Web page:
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New tool to monitor wellbeing of captive elephants
The tool is helping zookeepers to monitor the impact of changes in animal husbandry.

Method already in use at captive elephant facilities across the UK

Researchers at the University of Nottingham have developed a tool to help zookeepers monitor the wellbeing of elephants in their care.

The Elephant Behavioural Welfare Assessment tool is the culmination of research published in PLOS ONE and allows keepers to track the welfare of individual elephants based on their demeanour and welfare.

The tool is already in use at captive elephant facilities across the UK, helping keepers to monitor the impact of changes in animal husbandry and develop facilities that are designed to enhance animal welfare.

Zoo and wildlife medicine lecturer Dr Lisa Yon, who led the research, said: “Our new tool provides, for the first time, a reliable way for people looking after captive elephants to use the elephants’ behaviours to monitor their welfare over time.”

The tool is to be completed by the keeper and consists of four one-minute live observational assessments, daytime behaviour questions and nighttime observations.

It was initially tested at five elephant holding facilities in the UK on a total of 29 elephants - representing alomst half of the total UK captive population at the time.

Based on the testing results, the finalised Elephant Behavioural Welfare Assessment tool was developed and is now included in the Secretary of State’s Standards of Modern Zoo Practice Guidelines as a routine part of the welfare assessment of captive elephants across the UK.

Researchers suggest that a similar method could also be employed for other species in zoos and aquariums.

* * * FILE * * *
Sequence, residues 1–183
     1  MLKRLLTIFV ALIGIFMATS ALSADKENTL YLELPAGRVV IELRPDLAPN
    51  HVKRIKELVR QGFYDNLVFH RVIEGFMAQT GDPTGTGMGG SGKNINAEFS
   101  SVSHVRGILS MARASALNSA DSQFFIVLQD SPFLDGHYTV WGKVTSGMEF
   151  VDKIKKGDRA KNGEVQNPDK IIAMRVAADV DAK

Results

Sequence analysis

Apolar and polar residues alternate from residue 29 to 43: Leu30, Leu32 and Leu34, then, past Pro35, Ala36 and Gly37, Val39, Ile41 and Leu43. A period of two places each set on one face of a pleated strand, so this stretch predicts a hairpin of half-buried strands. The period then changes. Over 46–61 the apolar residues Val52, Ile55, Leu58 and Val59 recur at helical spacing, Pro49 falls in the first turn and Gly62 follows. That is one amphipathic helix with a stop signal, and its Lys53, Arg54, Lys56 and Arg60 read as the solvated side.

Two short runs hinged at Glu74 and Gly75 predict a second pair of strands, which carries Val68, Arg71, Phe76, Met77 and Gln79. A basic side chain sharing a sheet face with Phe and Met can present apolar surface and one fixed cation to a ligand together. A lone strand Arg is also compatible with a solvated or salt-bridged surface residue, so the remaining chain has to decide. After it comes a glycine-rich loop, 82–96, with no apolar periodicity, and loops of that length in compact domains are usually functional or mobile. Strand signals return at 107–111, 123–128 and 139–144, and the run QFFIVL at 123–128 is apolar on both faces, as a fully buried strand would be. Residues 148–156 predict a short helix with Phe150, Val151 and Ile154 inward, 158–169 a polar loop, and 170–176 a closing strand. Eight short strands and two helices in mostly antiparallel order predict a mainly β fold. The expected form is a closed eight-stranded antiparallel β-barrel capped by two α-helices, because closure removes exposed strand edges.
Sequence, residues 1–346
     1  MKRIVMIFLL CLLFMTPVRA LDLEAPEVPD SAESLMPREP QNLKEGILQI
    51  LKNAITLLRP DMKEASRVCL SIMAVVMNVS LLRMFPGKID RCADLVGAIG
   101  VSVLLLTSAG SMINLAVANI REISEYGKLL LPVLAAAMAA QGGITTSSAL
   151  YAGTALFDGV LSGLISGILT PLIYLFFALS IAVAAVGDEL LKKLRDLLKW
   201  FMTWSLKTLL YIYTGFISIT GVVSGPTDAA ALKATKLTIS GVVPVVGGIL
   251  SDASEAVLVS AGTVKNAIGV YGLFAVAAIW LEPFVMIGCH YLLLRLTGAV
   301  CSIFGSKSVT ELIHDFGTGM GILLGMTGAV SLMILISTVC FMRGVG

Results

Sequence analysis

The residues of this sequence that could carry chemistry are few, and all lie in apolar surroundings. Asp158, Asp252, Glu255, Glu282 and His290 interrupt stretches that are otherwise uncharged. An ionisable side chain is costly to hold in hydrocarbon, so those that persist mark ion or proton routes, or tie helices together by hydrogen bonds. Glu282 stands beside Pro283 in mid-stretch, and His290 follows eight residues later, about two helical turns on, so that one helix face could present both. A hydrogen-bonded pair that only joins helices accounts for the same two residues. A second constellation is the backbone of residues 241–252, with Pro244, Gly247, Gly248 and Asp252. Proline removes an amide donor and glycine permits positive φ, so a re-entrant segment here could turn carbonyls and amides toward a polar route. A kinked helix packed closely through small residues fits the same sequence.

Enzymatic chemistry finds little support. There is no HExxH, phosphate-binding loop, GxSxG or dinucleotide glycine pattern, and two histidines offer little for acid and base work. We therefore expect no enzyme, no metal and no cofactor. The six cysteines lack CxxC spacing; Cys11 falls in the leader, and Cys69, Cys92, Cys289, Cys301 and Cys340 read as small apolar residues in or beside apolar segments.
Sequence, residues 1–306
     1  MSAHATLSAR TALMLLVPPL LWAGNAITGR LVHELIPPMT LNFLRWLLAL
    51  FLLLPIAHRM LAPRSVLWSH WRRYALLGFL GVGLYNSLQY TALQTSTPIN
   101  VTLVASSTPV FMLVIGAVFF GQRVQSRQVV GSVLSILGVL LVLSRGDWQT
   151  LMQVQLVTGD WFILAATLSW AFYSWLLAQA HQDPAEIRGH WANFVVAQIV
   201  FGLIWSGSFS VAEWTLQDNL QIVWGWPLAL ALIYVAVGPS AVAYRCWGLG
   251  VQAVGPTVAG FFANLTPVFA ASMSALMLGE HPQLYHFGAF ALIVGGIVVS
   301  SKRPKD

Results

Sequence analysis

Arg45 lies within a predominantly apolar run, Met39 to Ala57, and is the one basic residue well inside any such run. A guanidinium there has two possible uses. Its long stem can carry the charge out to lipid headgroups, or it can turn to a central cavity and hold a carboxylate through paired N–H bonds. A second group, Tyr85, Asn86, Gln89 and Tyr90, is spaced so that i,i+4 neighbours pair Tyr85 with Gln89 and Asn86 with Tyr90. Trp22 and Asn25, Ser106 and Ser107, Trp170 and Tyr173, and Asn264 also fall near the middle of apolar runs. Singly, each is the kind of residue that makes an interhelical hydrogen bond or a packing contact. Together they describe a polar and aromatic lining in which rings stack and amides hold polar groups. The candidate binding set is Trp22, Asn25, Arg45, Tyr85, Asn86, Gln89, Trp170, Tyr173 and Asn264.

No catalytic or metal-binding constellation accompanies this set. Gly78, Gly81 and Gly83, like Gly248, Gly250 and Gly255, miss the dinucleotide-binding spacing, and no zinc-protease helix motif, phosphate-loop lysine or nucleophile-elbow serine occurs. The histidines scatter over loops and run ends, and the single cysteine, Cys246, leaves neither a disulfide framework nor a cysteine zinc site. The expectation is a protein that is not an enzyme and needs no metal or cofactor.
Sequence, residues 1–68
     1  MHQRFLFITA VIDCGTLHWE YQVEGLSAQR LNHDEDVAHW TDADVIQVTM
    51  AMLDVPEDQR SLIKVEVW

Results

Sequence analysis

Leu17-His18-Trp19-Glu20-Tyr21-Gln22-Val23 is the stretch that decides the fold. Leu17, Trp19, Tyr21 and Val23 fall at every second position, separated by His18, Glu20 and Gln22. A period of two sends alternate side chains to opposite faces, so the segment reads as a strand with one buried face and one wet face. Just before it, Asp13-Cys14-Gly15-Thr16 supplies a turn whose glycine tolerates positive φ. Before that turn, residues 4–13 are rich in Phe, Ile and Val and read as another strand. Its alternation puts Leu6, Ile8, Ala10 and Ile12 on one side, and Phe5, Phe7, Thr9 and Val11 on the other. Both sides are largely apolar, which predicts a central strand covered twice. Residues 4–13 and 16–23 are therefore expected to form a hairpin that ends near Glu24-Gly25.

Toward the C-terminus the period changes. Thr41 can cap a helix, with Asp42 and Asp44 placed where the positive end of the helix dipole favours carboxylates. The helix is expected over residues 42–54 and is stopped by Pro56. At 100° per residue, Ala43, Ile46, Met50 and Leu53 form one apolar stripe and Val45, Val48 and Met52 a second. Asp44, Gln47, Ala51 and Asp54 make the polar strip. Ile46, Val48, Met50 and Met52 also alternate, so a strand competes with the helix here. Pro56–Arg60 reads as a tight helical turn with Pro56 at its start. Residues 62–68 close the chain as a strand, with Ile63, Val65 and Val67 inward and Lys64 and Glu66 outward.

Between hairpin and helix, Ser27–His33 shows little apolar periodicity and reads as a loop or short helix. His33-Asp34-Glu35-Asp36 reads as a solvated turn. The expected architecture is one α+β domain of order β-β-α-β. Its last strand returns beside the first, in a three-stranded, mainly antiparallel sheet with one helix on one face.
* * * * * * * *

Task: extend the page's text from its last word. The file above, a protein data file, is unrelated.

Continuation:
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Cats Protection launches Christmas animation

News Story 1
 Leading feline charity Cats Protection has launched a heartwarming Christmas animation to raise awareness of the important work it does. The animation is based on a true story of a kitten that went missing earlier this year. Freezing cold and hungry, the kitten was dumped in a box on a roadside and somehow became separated from her brother and sisters.


Thankfully there is a happy end to this tail, and Libby - now named Misty - was eventually reunited with her littermates. Misty’s owner, Amy Smith, said: “Misty has settled amazingly well into our home, she has found a best friend in my daughter Lily and likes to follow her around the house. She also loves to chase bugs in the garden. We feel very lucky to have her.” 

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WSAVA launches certificate programme focusing on companion animals in One Health

The first certificate programme focusing specifically on the role of companion animals in One Health has been launched by the One Health Committee (OHC) of the World Small Animal Veterinary Association (WSAVA).

The online programme, which is free of charge for WSAVA members, has been developed in recognition of the growing impact of companion animals in human society. Pet ownership is becoming more popular globally, and this has increased the implications for One Health, regarding the human-companion animal bond. The WSAVA OHC hopes that this course will bridge the knowledge gap between veterinary surgeons and human physicians. New modules are being added weekly, with a total of 20 modules expected to be available by early 2020.